UK GROWTH is solidifying, not falling away, according to widely regarded data out yesterday.
The UK’s composite leading indicator (CLI) edged up to 100.7 in November, the Organisation for Economic Co-operation and Development (OECD) revealed, from 100.5 in October – indicating “growth firming”.
CLIs “tend to precede turning points in economic activity by approximately six months,” the OECD says.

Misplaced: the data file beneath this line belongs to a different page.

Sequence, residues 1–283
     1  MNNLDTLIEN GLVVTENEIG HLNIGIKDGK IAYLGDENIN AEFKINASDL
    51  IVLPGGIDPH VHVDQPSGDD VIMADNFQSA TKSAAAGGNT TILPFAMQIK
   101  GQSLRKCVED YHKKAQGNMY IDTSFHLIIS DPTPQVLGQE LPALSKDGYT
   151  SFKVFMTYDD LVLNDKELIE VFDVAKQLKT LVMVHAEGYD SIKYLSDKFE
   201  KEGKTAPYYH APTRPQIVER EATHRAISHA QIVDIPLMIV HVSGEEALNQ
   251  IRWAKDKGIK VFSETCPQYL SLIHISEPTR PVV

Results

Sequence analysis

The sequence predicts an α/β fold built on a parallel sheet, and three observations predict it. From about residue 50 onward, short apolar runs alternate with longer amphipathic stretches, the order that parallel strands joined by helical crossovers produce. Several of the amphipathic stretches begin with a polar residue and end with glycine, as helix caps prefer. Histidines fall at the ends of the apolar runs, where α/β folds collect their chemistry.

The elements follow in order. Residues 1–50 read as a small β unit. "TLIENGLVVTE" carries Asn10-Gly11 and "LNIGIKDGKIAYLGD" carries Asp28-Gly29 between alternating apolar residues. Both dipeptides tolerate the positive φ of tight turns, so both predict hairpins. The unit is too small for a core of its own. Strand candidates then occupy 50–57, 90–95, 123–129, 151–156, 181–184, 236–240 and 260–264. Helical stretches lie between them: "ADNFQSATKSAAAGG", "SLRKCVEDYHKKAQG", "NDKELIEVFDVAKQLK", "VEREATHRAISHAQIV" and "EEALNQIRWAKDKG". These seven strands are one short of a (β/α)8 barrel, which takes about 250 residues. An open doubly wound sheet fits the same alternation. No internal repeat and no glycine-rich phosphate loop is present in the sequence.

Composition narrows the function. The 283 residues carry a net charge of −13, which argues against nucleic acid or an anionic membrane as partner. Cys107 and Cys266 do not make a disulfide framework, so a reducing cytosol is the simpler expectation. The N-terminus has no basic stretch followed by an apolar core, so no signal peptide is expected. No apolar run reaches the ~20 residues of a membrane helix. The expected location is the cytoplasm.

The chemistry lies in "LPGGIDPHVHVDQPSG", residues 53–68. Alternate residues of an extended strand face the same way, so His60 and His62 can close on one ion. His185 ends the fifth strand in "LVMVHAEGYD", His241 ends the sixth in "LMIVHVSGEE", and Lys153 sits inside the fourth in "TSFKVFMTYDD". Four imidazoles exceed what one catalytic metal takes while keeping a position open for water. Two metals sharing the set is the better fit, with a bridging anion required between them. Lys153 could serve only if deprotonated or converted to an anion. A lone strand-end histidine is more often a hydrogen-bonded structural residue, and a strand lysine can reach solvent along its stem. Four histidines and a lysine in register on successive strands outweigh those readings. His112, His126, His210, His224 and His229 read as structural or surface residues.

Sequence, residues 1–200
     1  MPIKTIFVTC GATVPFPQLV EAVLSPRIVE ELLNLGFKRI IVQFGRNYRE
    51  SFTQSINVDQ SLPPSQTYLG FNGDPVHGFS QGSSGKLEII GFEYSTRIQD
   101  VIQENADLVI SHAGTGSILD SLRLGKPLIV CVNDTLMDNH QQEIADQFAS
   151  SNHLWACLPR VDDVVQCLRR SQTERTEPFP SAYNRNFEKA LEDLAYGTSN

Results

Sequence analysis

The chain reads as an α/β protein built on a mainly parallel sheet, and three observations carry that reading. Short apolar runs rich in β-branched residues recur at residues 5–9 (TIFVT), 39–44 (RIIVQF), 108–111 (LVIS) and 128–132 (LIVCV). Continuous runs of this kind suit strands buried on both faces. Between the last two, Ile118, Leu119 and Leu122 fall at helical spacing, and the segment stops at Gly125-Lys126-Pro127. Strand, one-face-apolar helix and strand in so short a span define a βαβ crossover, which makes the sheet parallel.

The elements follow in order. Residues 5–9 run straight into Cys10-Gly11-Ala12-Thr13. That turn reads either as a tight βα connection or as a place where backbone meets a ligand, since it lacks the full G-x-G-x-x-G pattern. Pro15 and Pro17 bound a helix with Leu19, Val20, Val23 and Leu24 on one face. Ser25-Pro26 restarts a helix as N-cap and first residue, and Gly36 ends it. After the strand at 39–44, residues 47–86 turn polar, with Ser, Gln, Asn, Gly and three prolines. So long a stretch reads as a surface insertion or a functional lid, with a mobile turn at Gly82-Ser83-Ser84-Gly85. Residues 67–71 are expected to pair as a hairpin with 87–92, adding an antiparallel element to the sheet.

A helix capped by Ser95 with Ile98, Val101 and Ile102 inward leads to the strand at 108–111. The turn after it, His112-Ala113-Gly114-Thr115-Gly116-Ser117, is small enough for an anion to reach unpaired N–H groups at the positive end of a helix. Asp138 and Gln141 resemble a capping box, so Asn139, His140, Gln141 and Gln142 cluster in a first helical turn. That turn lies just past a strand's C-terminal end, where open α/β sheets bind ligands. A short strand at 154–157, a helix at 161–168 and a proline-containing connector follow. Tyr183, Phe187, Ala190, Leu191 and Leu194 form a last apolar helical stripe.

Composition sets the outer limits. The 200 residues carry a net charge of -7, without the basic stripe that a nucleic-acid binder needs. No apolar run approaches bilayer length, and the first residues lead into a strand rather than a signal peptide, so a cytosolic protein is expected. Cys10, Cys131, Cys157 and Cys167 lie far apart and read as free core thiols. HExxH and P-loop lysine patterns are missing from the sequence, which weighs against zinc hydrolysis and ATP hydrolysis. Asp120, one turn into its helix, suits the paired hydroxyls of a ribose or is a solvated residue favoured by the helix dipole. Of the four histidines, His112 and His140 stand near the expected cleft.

This monthly increase of 0.2 per cent caps off five straight months of improvement and a yearly increase of 1.5 per cent that brought the indicator over the long term average of 100.
This UK improvement was echoed by higher CLIs in the US, China, India, and Japan, along with promising Eurozone figures that the OECD believes suggest “stabilising growth”.
The positive findings will give chancellor George Osborne a lift, as a raft of recent releases suggest the UK may return to recession. But even if the economy does not shrink for two successive quarters analysts believe at least one quarter of GDP decline is highly likely.